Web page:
AFH Athlete Spotlight: Arielle Martin-Verhaaren, Team USA BMX - Athletes for Hope

AFH Athlete Spotlight: Arielle Martin-Verhaaren, Team USA BMX

Arielle Martin-Verhaaren | Team USA BMX

Athletes for Hope would not exist without the drive, passion and dedication by athletes all over the world to make the world a better place. In our Member Athlete Spotlight series, it is our hope that the public will get to know our athletes, learn about the philanthropy and advocacy work they’re doing and understand what motivates them to use their platform for good. 


What is your name, sport, team?

Arielle Martin-Verhaaren and I grew up racing BMX. I did that professionally for 13yrs and through two Olympic cycles before retiring to coach the next generation of BMX Olympians. I now race mountain bikes and on the road so I kind of do it all on two wheels.

What inspired you to give back to your community?

My mom always told me the kind of person I was and the influence I had on others was more important than any race or medal I won. And I’m a member of the Church of Jesus Christ of Latter Day Saints which is very service oriented so that’s the environment I was raised in. Living at the Olympic Training Center I met other AFH members who inspired me with their service as athletes so I’ve had a lot of examples around me of good people who give back.

What cause(s) are you passionate about? Why?

Children! Kids are so impressionable and need good role models to look up to be inspired and supported to pursue their dreams.

What are some of the things/activities you’ve done in your community in terms of service?

I’ve been involved as a leader in the youth program for my local church and have volunteered at the local track for beginner league instruction and just try to help out the local kids at the track when I can. I’ve spoken at high schools and youth conferences and through AFH I had the opportunity to do children’s hospital visits in San Diego and Seattle which was really a really incredible experience.

What has inspired you or what has been your favorite moment when giving back to your community?

The hospital visits were the most impactful for me, those children have taught me more about grit and perseverance and hope than I think I could have ever taught them.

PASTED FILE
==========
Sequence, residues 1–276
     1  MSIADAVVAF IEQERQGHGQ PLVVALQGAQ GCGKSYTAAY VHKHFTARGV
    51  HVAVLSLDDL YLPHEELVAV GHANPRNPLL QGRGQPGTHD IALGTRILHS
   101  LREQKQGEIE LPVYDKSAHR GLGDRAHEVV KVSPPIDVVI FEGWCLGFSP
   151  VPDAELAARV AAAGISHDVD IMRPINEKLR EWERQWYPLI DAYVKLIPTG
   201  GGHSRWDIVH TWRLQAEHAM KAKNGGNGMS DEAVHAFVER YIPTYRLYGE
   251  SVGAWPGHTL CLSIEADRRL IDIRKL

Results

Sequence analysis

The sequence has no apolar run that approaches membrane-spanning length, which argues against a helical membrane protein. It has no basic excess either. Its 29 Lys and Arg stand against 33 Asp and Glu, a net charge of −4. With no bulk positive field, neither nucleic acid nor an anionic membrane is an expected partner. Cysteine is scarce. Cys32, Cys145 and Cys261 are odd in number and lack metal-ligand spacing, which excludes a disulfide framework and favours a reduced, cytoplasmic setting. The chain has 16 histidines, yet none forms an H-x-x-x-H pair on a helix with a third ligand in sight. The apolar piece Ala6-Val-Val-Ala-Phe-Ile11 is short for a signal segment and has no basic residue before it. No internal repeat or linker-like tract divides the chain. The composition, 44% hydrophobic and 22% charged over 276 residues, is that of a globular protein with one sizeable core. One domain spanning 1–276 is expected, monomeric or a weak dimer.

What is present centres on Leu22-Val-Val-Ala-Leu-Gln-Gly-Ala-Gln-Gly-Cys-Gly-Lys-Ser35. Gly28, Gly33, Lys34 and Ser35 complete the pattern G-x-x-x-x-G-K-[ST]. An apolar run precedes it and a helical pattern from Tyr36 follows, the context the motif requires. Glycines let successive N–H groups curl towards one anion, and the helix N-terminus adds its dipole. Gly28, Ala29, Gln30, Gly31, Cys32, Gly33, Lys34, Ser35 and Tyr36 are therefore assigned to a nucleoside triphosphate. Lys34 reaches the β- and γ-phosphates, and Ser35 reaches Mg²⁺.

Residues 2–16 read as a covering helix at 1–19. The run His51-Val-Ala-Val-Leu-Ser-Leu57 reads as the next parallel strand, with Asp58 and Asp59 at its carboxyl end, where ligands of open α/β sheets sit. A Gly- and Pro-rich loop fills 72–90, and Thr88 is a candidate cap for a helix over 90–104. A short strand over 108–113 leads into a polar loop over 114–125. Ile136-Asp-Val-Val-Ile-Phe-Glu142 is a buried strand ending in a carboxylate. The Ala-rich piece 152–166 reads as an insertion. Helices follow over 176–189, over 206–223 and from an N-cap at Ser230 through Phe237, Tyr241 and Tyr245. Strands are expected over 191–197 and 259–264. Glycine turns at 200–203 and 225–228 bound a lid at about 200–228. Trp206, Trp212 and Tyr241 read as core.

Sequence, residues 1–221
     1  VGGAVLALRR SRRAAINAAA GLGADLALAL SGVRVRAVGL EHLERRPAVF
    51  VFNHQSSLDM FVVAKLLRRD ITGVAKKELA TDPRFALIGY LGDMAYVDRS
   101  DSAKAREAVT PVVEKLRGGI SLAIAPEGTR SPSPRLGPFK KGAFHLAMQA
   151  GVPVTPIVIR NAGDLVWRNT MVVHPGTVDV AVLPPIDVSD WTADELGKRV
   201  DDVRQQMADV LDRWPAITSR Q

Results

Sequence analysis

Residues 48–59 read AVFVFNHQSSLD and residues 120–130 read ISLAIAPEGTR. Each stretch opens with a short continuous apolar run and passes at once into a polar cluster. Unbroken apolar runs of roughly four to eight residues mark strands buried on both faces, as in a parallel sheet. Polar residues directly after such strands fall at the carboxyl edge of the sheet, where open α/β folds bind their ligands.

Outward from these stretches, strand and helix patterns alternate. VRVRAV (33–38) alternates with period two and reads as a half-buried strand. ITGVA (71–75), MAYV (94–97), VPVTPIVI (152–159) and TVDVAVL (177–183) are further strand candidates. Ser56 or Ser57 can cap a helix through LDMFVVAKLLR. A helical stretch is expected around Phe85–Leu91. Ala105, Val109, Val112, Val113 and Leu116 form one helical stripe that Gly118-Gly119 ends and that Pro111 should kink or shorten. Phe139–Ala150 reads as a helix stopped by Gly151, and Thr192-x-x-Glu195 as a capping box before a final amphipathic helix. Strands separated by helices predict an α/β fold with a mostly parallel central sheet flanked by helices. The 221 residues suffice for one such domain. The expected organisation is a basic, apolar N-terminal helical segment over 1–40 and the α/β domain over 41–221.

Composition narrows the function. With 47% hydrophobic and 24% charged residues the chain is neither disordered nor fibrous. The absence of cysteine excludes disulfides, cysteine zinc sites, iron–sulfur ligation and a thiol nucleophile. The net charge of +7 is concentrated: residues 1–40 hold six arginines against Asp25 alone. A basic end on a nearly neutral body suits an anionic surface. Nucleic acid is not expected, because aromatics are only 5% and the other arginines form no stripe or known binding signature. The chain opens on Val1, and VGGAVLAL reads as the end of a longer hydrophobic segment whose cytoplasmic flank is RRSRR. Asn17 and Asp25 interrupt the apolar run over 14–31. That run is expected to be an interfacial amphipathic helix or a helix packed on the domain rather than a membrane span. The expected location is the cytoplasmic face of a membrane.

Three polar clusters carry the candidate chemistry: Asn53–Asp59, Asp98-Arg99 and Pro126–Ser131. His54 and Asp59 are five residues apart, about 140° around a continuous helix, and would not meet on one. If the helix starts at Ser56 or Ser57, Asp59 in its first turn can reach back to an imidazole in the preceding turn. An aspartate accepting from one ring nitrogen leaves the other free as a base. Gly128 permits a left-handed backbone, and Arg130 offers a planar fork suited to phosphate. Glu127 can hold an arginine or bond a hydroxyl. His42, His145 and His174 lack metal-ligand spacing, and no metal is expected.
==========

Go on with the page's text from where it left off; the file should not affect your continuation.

How did you balance being an Olympic athlete and participate in a service?

Balance is a struggle in every athletes life and now that I’m a mom it has become even harder but I’m grateful for opportunities AFH has given that allow me to reach out virtually so I can still stay involved especially in a pandemic world.

How has being an athlete helped you give back to your community?

Sports are exciting so it’s always fun to learn about feats of human achievement but what I think most people have enjoyed is hearing the struggles and how the hard work can be challenging and how it takes a lot of dedication to achieve the impossible, I think that inspires people in their own lives when things get hard knowing that it’s not just rainbows and medals in the athletic world, athletes struggle too and we don’t always win and overcome but hopefully the message we give them is to keep trying.

What was the first moment that you realized the importance of using your platform to give back?

I turned pro when I was 15 so I was still pretty young I think the first time a kid asked for my autograph I was surprised but that’s when I realized that I had a responsibility to be a good role model to others.

What is your advice to other athletes across all levels of sports who are looking to get more involved in community service/giving back?

Don’t be afraid to spend time giving back, it will be more fulfilling when you have a purpose and a cause to get behind outside of your own individual pursuits.

What does the future of your charitable involvement look like? What are your long-term goals?

I’d love to continue to work with kids and to have opportunities to teach about cycling and BMX and how the world of sport in general can give everyone tools of success for life as they set goals and work hard to achieve them.